We funded Action on Rights for Children (ARCH) to establish the current legal position in England and Wales in relation to obtaining consent from people aged under 16 to data-sharing between practitioners and agencies. In addition to examining the legal framwork in the UK, the researchers undertool a comparative study of seven EU countries. ARCH published its report in January 2009.
- The age of 12 is often quoted as the age when children can be presumed able to consent to sharing their personal and sensitive data. This reference to age 12 should be removed from all guidance on the grounds that it has no basis in English law.
- All local authorities should be required to train practitioners in the assessment of children’s capacity and competence to consent to information-sharing.
- Parents should be involved in the consent decisions of their competent children unless the child specifically objects, or there are special reasons against it. Local authorities should establish a default position of involving parents in decisions about sharing their children’s sensitive data unless a competent child refuses such involvement.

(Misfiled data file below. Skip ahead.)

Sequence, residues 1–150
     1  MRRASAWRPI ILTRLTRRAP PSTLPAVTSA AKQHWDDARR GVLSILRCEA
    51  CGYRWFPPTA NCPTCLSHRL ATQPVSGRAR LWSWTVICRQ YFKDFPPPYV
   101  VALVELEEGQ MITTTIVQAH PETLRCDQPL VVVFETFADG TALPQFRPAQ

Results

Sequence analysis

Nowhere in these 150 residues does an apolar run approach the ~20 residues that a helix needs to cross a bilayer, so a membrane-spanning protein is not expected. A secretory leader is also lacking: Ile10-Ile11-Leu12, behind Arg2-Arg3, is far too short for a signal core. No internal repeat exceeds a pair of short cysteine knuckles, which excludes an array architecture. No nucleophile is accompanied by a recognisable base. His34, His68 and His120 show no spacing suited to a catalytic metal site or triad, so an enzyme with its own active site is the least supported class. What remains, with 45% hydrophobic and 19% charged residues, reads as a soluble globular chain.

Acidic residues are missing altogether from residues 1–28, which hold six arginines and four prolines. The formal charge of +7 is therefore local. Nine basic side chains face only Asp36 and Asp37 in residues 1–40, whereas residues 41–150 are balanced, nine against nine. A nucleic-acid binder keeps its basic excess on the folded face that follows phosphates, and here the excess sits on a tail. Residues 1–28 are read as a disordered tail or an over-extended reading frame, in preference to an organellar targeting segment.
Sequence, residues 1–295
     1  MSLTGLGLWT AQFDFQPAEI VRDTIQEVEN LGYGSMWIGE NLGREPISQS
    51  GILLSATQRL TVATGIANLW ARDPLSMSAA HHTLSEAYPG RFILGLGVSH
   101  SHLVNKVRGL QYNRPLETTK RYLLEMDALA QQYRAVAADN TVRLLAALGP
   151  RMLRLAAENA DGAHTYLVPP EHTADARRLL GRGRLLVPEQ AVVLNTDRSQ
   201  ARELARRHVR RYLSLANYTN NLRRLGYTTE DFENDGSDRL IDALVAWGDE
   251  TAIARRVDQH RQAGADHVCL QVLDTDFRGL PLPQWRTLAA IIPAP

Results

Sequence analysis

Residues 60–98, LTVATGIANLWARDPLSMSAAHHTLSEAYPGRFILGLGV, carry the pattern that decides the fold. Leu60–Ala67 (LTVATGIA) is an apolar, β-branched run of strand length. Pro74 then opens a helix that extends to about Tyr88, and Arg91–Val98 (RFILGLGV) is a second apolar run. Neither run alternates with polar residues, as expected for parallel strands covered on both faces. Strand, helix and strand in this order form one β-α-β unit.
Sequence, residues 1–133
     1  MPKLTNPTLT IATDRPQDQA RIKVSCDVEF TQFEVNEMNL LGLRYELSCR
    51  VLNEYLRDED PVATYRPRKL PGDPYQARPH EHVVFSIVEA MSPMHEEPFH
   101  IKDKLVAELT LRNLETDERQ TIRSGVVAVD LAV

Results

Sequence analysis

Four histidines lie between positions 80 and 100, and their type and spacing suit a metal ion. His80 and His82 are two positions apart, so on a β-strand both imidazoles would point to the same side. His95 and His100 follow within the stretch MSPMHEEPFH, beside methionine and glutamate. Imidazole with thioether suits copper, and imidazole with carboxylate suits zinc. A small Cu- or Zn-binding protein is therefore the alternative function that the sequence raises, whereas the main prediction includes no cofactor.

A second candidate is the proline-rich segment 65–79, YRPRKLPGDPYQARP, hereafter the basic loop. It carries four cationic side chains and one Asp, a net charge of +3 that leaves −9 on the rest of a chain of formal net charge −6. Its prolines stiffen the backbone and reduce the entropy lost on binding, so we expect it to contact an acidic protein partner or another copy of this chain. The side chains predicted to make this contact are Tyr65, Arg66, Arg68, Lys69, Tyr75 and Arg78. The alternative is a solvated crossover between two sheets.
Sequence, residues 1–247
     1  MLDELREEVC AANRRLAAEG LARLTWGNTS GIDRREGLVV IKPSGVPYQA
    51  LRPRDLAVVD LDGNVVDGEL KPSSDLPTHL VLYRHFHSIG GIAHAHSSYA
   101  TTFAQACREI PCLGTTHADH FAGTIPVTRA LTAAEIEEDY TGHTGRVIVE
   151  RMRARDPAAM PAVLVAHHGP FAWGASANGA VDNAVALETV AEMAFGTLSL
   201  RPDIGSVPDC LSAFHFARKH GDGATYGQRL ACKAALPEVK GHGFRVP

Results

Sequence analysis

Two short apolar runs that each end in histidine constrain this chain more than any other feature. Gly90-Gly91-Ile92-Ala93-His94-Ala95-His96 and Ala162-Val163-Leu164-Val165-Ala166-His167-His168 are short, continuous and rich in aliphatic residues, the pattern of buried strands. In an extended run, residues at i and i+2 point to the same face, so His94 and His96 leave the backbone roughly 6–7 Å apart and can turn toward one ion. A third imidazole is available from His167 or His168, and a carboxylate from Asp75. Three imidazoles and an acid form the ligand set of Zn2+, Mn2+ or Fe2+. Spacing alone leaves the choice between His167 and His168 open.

- When practitioners share a child’s data, sensitive information may also be collected and shared about parents and siblings. The law already requires that parents should be made aware of this, subject to limited exceptions. We recommend that this basic rule is followed in all cases, unless there are overriding reasons not to inform the parent.
- The Information Commissioner should produce a code of practice for local authorities, setting out standards for data protection training and paying special attention to the protection of children’s data.
- Terri DowtyAction on Rights for Children
- Director, WelfareNuffield Foundation